Spacex Falcon 9 Flight 2 COTS -1 Launch (NET Dec 7)

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job1207

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Re: Spacex Falcon 9 Flight 2 COTS -1 Launch

Well, if the Dragon landed at its terminal velocity it would not look very good. Terminal velocity is about 200 mph, using reasonable estimates, and that linked calculator. As it is, after the chutes deploy, they are quoting a maximum of 18 ft per second which is only 12 miles per hour. They are thinking ahead to an earth landing, and also tourists.
 
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docm

Guest
Re: Spacex Falcon 9 Flight 2 COTS -1 Launch

I got the following -

Dragon (via SpaceX docs)

Dry mass: 4,200 kg
Down mass: 3,000 kg
Fuel mass: 1,290 kg
Diameter: 3.7m

Guesstimates

Re-entered mass: 7,845 kg (dry mass + full downmass + 1/2 fuel)
Area of 3.7m circle: 10.752 sq/m
Adjust for 'frisbee' curvature: ~11.2 sq/m
Drag coefficient: 1.135 (hemisphere to flat side = 1.17; flat disc = 1.1 - split the difference)
Altitude: 4,267.2 m/14,000 ft

T/V calculator result: 323.386 kph/200.943 mph
 
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shuttle_guy

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Re: Spacex Falcon 9 Flight 2 COTS -1 Launch

vattas":3hbktwv8 said:
I wonder if they are going to perform more drop tests from higher altitudes. From this altitude there's no way capsule has reached the speed at which parachutes will deploy in real reentry I think.
Once the drogue parachutes were out and the velocity of the capsule stabilized the conditions for the main parachute deployment would be the same as they would be for a real re-entry.
 
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docm

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Re: Spacex Falcon 9 Flight 2 COTS -1 Launch

Aviation Week is reporting SpaceX has applied for an Oct. 23rd launch date...

Link....

Looks like more tanking tests and another hot-fire test.
 
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shuttle_guy

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Re: Spacex Falcon 9 Flight 2 COTS -1 Launch

docm":3qbbm54p said:
Aviation Week is reporting SpaceX has applied for an Oct. 23rd launch date...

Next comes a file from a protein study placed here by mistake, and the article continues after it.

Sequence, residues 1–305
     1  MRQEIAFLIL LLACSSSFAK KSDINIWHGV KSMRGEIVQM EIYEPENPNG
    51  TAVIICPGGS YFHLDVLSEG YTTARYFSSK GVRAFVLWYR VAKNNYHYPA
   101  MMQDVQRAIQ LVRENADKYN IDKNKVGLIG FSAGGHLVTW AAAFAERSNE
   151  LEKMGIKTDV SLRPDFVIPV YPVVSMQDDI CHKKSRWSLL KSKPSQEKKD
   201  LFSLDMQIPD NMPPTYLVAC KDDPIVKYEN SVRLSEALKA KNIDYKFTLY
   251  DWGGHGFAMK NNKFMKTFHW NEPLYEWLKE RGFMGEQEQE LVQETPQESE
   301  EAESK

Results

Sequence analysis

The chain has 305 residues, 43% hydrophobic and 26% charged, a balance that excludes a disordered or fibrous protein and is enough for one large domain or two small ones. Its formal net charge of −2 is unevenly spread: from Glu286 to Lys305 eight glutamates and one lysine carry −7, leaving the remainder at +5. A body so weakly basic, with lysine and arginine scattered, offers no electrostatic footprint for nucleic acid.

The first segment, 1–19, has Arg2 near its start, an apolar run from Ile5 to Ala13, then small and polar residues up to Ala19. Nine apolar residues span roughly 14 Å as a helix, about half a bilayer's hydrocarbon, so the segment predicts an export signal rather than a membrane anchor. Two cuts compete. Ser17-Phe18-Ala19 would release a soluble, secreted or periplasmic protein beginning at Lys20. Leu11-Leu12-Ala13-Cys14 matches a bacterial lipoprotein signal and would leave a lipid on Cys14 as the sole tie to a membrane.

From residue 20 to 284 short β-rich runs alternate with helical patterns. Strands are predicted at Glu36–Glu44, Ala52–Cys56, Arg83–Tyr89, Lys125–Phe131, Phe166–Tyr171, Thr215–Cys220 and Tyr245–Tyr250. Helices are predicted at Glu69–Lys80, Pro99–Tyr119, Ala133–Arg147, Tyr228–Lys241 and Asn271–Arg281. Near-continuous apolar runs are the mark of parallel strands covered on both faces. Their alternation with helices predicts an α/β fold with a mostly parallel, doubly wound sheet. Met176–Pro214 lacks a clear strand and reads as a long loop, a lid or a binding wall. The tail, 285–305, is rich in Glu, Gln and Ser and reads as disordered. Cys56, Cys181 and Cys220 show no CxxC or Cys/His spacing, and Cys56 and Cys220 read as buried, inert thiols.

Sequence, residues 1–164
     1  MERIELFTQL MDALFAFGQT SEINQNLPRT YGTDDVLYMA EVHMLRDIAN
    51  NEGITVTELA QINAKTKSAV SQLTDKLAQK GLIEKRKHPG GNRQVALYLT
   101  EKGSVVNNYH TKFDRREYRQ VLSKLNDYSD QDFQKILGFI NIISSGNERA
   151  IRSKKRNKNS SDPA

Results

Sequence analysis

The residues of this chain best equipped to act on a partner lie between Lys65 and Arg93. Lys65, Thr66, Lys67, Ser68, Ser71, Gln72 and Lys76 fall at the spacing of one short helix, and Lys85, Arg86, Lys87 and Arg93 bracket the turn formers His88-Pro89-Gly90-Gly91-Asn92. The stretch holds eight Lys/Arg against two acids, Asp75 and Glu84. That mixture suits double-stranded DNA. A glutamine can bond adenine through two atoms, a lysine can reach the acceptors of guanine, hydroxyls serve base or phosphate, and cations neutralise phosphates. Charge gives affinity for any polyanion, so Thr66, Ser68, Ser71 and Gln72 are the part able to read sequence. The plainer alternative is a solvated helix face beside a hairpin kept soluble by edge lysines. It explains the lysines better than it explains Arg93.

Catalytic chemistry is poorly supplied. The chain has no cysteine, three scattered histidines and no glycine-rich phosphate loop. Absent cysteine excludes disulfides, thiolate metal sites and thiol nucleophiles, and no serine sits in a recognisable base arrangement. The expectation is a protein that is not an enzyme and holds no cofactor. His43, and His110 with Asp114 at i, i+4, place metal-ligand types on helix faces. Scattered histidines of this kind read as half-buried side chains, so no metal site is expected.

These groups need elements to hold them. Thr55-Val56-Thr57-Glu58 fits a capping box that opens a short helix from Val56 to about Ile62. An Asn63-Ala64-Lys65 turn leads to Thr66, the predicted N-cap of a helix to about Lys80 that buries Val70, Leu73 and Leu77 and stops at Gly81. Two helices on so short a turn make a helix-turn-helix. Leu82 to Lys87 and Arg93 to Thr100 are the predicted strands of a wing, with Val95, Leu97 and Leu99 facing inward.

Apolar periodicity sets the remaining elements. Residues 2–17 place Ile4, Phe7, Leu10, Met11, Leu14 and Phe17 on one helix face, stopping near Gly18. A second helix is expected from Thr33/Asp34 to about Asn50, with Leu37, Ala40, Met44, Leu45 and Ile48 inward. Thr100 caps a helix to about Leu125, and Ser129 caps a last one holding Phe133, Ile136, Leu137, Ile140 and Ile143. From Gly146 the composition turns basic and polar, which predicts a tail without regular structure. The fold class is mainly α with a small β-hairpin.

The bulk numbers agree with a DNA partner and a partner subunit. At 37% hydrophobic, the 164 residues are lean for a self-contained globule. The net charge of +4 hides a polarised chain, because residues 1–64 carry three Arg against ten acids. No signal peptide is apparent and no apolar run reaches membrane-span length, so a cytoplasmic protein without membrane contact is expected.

Link....

Looks like more tanking tests and another hot-fire test.

Mu Opinion: I expect they will do a tanking test prior to every flight. That is a standard way of doing things in the throw away booster biz. The on pad static firing test will probably not be a standard operation once they gain confidence, assuming they continue to test fire the engines in the test stand before they move the booster to the pad.
 
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docm

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Re: Spacex Falcon 9 Flight 2 COTS -1 Launch

Space News article....

Corrections for flt-2 COTS-1

1. the flt-1 roll at liftoff is being corrected by reprogramming the software - the gimble angle did it.

2. The flt-1 2nd stage roll was the thruster actuators hydraulic lines being chilled by an O2 line, which is being rerouted by relocating a drain.

3. flt-1 was paid for by an un-named "government agency." Sounds like a bit of DoD "alternative funding" to me. Last year SpaceX said that the military was interested in DragonLab and its optional manipulator arm for rendezvous missions, so it seems to fit that they'd help get Dragon & F9 off the ground.

Wonder what else isn't being said?
 
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Boris_Badenov

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Re: Spacex Falcon 9 Flight 2 COTS -1 Launch

SpaceX's Private Space Capsule Aims for October Launch Test

[snip]

Although Falcon 9's debut was supposed to have happened in 2007, with the first space station resupply mission slated for the end of this year, hardware development has taken longer than planned.

Brost said the company recently asked the U.S. Air Force's 45th Space Wing to reserve Oct. 23 at the launch range for its first COTS mission. In May, the company said subsequent demonstration flights had been pushed from fall to spring, and Brost said the need for additional development work on space station proximity operations and berthing, as well as final certification by the space station safety review board, makes those launch dates difficult to predict.

[snip]
 
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stevekk

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Re: Spacex Falcon 9 Flight 2 COTS -1 Launch

Boris_Badenov":ahyjilaf said:
SpaceX's Private Space Capsule Aims for October Launch Test

[snip]

Although Falcon 9's debut was supposed to have happened in 2007, with the first space station resupply mission slated for the end of this year, hardware development has taken longer than planned.